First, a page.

How does that look now that we have trusted publishers? Would you set up a trusted publisher on test.pypi.org as well? Not worry about it and still use twine just for PyPI’s upload validation checks?

The Packaging docs do a reasonable job of warning about test pypi:

Note: This example uses --index-url flag to specify TestPyPI instead of live PyPI. Additionally, it specifies --no-deps. Since TestPyPI doesn’t have the same packages as the live PyPI, it’s possible that attempting to install dependencies may fail or install something unexpected. While our example package doesn’t have any dependencies, it’s a good practice to avoid installing dependencies when using TestPyPI.

My suggestion would be for test pypi to prevent installing any package that a user did not upload themselves. That way it would really be for testing only, and avoid the pitfalls of installing packages from an index that was never intended to be used for dependencies. As far as I know, test pypi is only there to trial uploading wheels and checking that the page rendering is as expected.


Yes, it’s useful to have a trusted publisher set up for Test PyPI, for example, to deploy on merges to the default branch; so you know the release machinery is running smoothly and prevent surprises on release day.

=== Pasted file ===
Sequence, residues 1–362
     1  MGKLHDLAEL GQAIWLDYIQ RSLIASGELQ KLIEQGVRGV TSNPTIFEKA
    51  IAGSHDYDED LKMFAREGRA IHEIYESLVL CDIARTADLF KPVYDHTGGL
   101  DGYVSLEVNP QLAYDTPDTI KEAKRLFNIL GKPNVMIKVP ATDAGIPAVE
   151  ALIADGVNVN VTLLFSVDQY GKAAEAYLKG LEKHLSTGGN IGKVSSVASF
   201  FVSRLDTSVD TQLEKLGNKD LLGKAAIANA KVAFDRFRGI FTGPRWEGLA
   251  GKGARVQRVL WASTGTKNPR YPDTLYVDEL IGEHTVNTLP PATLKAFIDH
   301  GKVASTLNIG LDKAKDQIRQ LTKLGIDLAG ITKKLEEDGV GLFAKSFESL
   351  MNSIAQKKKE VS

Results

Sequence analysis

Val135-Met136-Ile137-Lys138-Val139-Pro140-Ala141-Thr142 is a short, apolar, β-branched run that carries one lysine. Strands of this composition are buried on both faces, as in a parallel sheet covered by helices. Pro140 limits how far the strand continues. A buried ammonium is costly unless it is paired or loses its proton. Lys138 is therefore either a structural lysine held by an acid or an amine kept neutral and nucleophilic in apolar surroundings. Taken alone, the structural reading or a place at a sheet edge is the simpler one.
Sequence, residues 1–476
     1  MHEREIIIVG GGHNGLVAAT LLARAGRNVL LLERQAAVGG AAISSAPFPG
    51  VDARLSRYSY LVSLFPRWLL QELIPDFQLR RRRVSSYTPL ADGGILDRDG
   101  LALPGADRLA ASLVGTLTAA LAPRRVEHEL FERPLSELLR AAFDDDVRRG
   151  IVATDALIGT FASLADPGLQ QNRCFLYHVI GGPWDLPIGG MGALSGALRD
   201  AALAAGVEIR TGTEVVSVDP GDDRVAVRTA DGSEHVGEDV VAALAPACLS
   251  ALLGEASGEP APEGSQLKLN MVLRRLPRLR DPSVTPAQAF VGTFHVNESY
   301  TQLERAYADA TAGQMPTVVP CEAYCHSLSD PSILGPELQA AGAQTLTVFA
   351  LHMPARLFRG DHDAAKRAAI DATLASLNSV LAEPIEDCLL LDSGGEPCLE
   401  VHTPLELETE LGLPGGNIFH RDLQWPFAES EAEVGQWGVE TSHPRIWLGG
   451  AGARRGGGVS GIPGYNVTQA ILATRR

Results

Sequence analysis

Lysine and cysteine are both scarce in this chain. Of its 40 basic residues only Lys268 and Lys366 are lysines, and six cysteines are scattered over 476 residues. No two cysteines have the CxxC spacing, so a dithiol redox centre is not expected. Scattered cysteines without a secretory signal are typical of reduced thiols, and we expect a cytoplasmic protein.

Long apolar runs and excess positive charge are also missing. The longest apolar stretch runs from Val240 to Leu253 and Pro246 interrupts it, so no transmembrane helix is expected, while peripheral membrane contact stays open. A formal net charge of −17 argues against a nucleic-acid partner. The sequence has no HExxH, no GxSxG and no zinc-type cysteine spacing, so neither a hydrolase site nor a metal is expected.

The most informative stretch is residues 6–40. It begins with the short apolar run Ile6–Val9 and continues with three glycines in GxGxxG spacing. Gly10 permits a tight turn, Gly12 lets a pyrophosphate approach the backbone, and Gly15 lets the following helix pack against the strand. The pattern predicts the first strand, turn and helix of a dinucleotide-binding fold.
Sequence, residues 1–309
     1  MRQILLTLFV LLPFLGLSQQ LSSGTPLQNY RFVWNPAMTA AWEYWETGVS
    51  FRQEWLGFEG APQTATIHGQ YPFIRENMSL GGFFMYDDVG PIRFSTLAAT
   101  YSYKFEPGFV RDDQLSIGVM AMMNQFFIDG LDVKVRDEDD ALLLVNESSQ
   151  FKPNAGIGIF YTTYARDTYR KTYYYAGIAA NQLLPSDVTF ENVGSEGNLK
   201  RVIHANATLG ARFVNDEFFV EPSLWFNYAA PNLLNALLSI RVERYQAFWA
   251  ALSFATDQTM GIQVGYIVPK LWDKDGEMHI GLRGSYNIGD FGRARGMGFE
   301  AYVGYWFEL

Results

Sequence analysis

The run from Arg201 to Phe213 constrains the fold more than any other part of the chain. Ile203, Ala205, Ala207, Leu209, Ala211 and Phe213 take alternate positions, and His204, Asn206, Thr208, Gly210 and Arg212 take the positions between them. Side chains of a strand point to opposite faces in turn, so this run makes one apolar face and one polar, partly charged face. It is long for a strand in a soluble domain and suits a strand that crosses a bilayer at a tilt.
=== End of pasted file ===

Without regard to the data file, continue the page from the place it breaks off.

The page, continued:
What if the dependences of your package in test.pypi.org would be taken from pypi.org unless otherwise specified? Wouldn’t it be more useable that way?

I think allowing this allows for further dependency confusion.

For example, given someone is using test.pypi.org as their primary index, and allows for this kind of pull-through behavior, and they depend on package foobar from pypi.org , when someone else uploads a foobar to test.pypi.org , then the end user will no longer receive the package they asked for.

IIUC, ~all use cases for test.pypi.org go away if we can have Draft release feature on main archive to allow testing a release before it goes live · Issue #726 · pypi/warehouse · GitHub on the main pypi.org website; so it might make sense to actually push any energy we might have toward solving the test.pypi.org papercuts toward implementing that suggestion.


While I generally agree that it would be better, this issue is from 2015, and still no PR. Do you actually think it will be implemented?

To allow for backwards compatibility , it could be specifically mentioned in the dependencies, or as a pyproject.toml option:
Let say testpypy_deps_from_pypy=true on an appropriate section.

Additionally, why on earth someone other a maintainer of the package would use it instead of pypi?

And as an author myself, I prefer packages from pypi, just like in the real case. This discrepancy between test env and “production” env is not good IMO.

Not sure! People surprise me all the time.

There’s an open issue that entertains removing TestPyPI: Stop having a "staging" environment · Issue #918 · pypi/warehouse · GitHub

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Yes? I will point out that my first bit of major involvement in Python packaging was an issue from 2011 that I contributed a fix for in 2016/17. These things are reliant on volunteer resources and the timelines for those look very different from timelines of full-time funded roles – especially when it’s a “thing we want to do”.